Buffered buffered = new Buffered(imageData, sum);
  Buffered inMap = imageMap.putIfAbsent(sum, buffered);
  return inMap != null ? inMap : buffered;
}

public static Buffered getImage(String sum) {           
  return imageMap.get(sum);
}

Since this is a ConcurrentMap and uses putIfAbsent, you don't have to synchronize addImage unless creating an instance of Buffered is expensive. This also handles actually removing entries from the map when their value is garbage collected, unlike your code.

Edit: What do you do if you call getImage and get null as a result (perhaps because the value was garbage collected)? Is there some way that you can get the image data byte[] based on the sum key? If so, you may want to encapsulate the process of creating an instance of Buffered for a given sum as a Function<String, Buffered>. This allows you to use a computing map instead of a normal one:

private static final ConcurrentMap<String, Buffered> imageMap = new MapMaker()
    .softValues()
    .createComputingMap(getBufferedForSumFunction());

Done this way, you may not even need an addImage method... if get is called on the map and it doesn't have an entry for the given sum, it'll call the function, cache the result and return it.

share|improve this answer
    
ColinD:Thanks for your answer, creating an instance of Buffered is 'expensive' in that it takes time and writes to a database so suppose would need to be synchronized, and cannot be regenerated from the key. I will try Guava as I started to use it for something else anyway but I would like to know is my code is actually wrong or not, in that could an instance of Buffered referenced in some class ever be removed with my existing code. –  Paul Taylor Nov 17 '10 at 22:27
    
.. and is there a way to track when references are actually removed from the map by gc (either with my code or the Guava code) –  Paul Taylor Nov 17 '10 at 22:31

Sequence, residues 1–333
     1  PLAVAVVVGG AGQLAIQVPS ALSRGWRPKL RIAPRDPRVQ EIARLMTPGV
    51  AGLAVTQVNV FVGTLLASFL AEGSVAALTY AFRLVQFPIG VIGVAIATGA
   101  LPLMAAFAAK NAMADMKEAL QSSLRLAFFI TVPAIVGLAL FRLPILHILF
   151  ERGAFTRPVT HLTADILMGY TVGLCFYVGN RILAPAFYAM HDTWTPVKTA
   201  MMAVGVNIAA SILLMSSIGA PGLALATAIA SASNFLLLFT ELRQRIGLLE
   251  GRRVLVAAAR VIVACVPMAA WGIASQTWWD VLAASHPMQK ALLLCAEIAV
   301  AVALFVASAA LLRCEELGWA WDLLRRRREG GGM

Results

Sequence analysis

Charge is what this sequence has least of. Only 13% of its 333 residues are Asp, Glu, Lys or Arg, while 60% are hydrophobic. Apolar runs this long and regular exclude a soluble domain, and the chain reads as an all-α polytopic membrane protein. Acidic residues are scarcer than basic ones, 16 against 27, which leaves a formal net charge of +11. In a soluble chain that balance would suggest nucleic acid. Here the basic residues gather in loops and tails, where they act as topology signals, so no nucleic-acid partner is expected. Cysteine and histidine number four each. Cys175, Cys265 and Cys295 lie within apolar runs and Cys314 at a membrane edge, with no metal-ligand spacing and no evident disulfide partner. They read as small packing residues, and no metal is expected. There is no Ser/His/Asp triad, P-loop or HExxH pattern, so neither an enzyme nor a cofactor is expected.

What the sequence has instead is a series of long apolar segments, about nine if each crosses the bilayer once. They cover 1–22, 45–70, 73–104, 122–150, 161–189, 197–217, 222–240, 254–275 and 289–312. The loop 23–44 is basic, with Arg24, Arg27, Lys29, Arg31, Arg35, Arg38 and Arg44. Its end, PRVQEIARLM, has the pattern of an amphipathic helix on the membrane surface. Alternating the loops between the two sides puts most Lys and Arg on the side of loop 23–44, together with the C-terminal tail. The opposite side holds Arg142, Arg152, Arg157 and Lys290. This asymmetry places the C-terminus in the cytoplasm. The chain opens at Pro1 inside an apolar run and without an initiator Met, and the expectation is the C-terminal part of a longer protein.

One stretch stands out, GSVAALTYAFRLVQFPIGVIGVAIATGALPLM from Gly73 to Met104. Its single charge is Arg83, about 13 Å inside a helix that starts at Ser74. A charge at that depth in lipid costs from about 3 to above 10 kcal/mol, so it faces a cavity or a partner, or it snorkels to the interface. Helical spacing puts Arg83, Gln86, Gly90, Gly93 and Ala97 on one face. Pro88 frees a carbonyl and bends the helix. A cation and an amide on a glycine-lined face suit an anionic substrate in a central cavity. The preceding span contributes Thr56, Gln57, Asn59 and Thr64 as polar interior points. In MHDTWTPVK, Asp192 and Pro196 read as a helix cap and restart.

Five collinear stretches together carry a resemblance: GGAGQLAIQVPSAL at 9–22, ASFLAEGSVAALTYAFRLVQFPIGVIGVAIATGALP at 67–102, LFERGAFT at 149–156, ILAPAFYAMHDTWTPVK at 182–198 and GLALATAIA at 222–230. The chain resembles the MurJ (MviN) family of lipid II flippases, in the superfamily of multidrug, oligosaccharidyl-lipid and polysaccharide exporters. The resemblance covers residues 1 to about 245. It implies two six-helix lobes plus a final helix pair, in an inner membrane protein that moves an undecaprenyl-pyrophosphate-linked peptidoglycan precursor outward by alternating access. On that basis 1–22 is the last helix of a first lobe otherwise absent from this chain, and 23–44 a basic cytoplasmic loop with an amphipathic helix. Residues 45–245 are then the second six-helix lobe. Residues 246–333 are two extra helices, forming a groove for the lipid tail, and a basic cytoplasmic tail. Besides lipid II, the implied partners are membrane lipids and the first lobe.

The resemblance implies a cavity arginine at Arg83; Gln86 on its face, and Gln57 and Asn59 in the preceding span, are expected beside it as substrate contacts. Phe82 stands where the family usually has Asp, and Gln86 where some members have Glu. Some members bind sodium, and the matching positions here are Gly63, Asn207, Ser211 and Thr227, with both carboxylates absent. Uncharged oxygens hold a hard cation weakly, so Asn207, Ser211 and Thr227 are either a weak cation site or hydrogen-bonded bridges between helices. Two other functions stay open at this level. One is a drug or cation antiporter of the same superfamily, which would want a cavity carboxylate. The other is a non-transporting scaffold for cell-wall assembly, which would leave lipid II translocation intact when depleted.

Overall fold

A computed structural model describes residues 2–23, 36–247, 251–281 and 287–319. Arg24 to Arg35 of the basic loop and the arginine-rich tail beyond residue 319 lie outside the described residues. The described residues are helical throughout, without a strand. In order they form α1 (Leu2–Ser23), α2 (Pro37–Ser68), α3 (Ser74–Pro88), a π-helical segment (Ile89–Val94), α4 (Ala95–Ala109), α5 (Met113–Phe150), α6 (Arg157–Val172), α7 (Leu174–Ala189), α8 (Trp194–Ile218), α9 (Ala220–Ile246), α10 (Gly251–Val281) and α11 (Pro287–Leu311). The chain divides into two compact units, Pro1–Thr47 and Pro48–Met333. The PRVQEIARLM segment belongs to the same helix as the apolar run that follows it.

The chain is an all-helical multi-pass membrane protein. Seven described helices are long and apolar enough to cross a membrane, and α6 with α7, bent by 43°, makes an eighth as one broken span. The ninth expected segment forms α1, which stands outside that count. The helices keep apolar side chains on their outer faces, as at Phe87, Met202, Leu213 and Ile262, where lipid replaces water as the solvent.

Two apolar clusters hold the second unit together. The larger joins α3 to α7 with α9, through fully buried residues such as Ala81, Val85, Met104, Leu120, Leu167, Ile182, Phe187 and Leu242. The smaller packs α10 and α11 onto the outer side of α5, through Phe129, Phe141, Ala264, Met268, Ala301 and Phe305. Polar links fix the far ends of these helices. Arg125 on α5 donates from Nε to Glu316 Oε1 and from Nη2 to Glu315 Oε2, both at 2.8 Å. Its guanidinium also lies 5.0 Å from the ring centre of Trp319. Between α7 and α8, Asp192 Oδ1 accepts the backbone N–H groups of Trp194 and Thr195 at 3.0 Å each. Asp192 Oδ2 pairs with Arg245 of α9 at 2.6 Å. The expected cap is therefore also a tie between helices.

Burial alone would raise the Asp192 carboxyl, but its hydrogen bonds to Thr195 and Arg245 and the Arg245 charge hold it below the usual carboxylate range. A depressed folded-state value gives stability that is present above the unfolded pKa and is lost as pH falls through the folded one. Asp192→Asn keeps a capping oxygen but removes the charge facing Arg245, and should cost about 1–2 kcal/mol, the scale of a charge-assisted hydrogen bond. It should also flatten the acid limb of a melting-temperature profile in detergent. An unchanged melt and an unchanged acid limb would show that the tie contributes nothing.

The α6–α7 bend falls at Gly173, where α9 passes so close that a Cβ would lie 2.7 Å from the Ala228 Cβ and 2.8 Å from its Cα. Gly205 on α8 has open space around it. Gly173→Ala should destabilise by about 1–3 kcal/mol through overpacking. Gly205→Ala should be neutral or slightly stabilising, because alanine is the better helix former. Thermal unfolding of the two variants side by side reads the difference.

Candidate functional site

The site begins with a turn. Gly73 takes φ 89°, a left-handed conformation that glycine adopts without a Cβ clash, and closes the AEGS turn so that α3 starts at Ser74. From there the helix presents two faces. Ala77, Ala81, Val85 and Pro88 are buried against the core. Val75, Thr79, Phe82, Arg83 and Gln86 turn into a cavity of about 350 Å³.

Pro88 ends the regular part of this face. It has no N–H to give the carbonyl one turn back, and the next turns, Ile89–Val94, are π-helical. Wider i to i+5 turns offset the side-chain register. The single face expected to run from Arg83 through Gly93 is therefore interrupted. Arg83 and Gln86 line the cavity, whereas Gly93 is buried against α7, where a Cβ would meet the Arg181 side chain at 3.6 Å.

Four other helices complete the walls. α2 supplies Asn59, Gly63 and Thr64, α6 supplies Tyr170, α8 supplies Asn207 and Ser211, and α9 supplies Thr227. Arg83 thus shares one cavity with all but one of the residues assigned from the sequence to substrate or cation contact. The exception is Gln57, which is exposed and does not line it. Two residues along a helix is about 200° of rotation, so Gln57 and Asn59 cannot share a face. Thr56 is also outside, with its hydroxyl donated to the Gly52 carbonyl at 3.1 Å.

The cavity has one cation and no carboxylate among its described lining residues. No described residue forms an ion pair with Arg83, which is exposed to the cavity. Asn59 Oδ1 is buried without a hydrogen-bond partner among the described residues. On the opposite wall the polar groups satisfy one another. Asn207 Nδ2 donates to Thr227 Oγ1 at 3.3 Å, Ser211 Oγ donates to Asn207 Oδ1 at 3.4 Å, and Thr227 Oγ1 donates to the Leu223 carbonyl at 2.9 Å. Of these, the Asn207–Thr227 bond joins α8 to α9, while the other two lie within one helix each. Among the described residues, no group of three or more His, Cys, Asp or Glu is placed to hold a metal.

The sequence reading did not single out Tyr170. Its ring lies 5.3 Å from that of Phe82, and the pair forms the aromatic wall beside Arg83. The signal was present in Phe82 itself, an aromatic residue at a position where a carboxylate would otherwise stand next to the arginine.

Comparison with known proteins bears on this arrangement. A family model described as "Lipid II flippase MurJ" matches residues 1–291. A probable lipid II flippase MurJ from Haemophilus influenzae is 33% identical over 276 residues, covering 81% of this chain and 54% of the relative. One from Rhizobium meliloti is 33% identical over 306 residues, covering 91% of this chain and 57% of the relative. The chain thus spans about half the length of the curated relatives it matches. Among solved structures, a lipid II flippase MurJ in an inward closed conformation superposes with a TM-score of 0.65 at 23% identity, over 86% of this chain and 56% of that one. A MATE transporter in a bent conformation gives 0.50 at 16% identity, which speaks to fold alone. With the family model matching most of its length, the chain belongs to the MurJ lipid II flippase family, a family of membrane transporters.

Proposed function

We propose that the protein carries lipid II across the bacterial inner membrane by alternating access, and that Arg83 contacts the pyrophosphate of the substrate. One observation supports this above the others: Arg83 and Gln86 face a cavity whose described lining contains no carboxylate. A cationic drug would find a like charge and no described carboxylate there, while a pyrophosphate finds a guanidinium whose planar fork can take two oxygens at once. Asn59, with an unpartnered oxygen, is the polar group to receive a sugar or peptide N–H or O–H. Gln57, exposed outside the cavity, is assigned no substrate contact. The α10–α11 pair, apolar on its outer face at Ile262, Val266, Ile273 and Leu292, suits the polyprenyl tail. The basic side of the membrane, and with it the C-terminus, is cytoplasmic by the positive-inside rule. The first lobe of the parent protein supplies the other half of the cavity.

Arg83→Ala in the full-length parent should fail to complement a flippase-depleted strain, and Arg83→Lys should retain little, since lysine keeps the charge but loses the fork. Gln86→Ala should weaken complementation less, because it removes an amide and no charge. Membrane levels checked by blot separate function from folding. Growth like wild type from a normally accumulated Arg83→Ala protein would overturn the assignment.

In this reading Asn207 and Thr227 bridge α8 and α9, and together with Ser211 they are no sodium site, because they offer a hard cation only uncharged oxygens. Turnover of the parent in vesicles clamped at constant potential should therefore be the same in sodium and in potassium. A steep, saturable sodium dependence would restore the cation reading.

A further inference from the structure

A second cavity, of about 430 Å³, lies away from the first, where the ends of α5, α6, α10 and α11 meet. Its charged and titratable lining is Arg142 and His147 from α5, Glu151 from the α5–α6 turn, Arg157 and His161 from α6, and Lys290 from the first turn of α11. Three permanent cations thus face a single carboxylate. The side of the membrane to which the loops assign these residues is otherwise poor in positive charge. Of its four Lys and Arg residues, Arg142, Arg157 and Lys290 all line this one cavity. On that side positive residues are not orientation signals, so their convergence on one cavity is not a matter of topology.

@user294896: Yes, you can call evictionListener(MapEvictionListener<K,V>) when building the map to set a listener to be called asynchronously after an entry has been evicted. The listener will be called during the invocation of any public method on the map. –  ColinD Nov 17 '10 at 22:51
    
Colin:Im kind of stumped because putIfAbsent() doesnt seem to return the added value, please see my edited question to see what I mean –  Paul Taylor Nov 18 '10 at 10:30
    
ColinD:PLease see my edited question to see what I mean –  Paul Taylor Nov 18 '10 at 10:36

If all you want to do is allow data to get garbage collected when it's not referenced anywhere, use a WeakHashMap.

If you want your map to actually be able to recreate the data if it is no longer available, then you'll need to modify the getImage() to check if the reference is available and if not, recreate it.

It seems to me that what you want is the former.

The difference between a soft reference and a weak reference is that the garbage collector uses algorithms to decide whether or not to reclaim a softly reachable object but always reclaims a weakly reachable object. (ref)

share|improve this answer
2  
In WeakHashMap the key is weakly referenced, values are normal references. –  Kru Nov 17 '10 at 21:22
3  
In most cases SoftReferences are more suitable than WeakReferences for a cache: WeakReference may be GCed as soon as there are not stronger references anymore. SoftReferences are not considers for GCing in this situation, unless the JVM runs short on memory –  Hendrik Brummermann Nov 17 '10 at 21:39

Your Answer

 
discard

By posting your answer, you agree to the privacy policy and terms of service.

Not the answer you're looking for? Browse other questions tagged or ask your own question.